Lockdowns, restrictions on movement and being forced to stay at home. The strict rules in place across Europe and parts of the United States to stop the spread of Covid-19 are forcing us to rethink how we live our lives.
Yet in the midst of the difficulties caused by the restrictions, we are learning about the often forgotten virtue of gratitude.
Right now millions of people in the west are realising just how much we have taken for granted: our health, travel, socialising and even trips to the park. Ironically, it is when these are stripped back that we start to appreciate the things that we have.
This experience is even more pronounced for those who have been struck down by the virus.
“It changed me. I understand the importance of things that used to seem insignificant,” Fausto Russo, 38, a fitness trainer living in Latino, the south of Rome explained. “Things that signify living – breathing, a walk, a hug, a glass of wine – because this virus wants to take that away from you. It wants to take away your freedom."
Slowing down, and becoming more grateful can be a powerful tool for navigating the current crisis. It is also an antidote to rampant consumerism and a transactional culture where everything can be bought and sold. It is a culture where everything has a price, but few things have value.
Two prominent spiritual thinkers see gratitude as a key element in developing the inner life of a Christian and becoming more fully human.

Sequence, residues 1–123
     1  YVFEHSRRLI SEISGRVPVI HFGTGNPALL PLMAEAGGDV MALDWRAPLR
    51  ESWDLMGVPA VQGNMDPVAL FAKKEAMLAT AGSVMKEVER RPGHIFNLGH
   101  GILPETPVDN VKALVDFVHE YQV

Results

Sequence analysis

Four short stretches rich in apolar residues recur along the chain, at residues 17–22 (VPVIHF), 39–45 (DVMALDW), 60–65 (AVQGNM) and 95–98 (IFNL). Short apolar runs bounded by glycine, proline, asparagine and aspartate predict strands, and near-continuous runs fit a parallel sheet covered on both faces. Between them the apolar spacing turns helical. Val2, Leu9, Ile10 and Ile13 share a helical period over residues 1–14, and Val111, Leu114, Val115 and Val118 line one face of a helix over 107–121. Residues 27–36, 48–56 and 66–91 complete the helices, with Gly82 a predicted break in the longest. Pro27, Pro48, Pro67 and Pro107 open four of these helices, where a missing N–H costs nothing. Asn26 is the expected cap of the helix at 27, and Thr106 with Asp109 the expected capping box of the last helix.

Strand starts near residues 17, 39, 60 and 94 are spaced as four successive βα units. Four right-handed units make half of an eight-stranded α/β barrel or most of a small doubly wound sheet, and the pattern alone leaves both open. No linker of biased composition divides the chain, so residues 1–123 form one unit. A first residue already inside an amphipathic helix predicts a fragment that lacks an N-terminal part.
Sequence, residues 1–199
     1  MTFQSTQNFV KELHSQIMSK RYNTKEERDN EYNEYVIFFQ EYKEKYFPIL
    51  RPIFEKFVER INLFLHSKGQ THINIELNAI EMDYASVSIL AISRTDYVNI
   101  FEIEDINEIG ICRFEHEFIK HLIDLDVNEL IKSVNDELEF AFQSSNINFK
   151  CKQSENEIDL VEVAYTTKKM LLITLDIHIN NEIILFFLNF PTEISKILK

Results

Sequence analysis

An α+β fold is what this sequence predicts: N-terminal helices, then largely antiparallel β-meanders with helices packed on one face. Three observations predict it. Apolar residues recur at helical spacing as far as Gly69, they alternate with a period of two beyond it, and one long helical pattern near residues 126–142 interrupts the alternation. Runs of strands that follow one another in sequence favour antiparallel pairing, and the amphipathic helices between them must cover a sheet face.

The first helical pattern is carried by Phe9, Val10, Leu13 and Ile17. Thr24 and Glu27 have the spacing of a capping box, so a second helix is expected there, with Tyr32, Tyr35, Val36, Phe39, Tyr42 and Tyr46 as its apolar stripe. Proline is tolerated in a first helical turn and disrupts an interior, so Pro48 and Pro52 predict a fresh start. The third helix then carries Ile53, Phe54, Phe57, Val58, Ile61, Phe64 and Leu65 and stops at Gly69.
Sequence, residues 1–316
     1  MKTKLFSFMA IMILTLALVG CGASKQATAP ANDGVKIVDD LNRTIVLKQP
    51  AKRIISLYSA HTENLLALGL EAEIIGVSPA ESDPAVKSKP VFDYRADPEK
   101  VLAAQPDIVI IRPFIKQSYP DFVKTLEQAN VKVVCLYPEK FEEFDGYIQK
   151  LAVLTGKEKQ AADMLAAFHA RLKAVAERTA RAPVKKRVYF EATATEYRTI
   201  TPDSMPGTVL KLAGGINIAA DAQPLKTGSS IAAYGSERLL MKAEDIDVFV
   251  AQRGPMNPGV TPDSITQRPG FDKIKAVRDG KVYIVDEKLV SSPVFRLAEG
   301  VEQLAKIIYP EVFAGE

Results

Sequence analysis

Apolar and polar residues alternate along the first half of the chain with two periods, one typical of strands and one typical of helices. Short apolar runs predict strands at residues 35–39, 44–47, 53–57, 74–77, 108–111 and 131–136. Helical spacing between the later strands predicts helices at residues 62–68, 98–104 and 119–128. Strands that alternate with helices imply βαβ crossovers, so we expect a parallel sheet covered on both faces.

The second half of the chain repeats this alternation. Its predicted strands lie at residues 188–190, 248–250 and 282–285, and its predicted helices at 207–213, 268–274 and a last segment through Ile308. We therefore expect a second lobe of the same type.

Fr Timothy Radcliffe, the former global leader of the Dominican religious order and popular spiritual writer, says remembering to give thanks is about connecting to reality.
“We may think that gratitude is a feeling. It is much more than that. It is simply living in the real world, in which everything is a gift from God, ‘the giver of all good things’,” he tells me. “Someone who thinks of things as fundamentally to be bought and sold and owned is living an illusion."
He stressed that this temptation to transactional thinking has always been a temptation for humanity but he says got worse in the 16th and 17th century. Fr Timothy cited the Austro-Hungarian economic historian who wrote about the “commodity fiction”, the idea that “land and water could be simply owned, and even other human beings in the great explosion of the slave trade.” He added: “To give thanks is to open your eyes.”
Covid-19 is a human catastrophe. But it is also making millions assess what is important, and to count their blessings - particularly if they have not contracted the illness. This is a pandemic which pays no respect to wealth or status: it has infected princes (the Prince of Wales; Prince Albert of Monaco) and celebrities. The fact we are all in this together is bringing communities together, and forging bonds of solidarity. That in itself is something to be thankful for.
Fr James Martin, the Jesuit writer and Editor-at-Large for America, explains that one of the hallmarks of the spirituality of the Jesuits is gratitude, even in painful times. The Coronavirus pandemic, he points out, is no different.
“During stressful periods, we tend to focus on the stress, and so can overlook the places where God is reaching out to us,” he told me. “Cultivating an attitude of gratitude, hackneyed as that sounds, is essential to maintaining perspective. God is active in the midst of the coronavirus - through the actions of heroic medical teams, loving relatives and compassionate friends. But are you allowing yourself to notice these actions of God? Noticing is the beginning of gratitude.”
Across Europe, people are finding ways to thank nurses and doctors for their self-sacrifice service to those suffering from the virus. On 26 March thousands across the UK clapped in appreciation for NHS workers battling Covid-19. Instead of taking them for granted, we are recognising the vital importance of our health systems and how everyone relies on them.
By sitting in “our cells” during the Covid-19 pandemic there is an opportunity to rediscover the value, as we read in the letter to the Ephesians, of “always giving thanks”.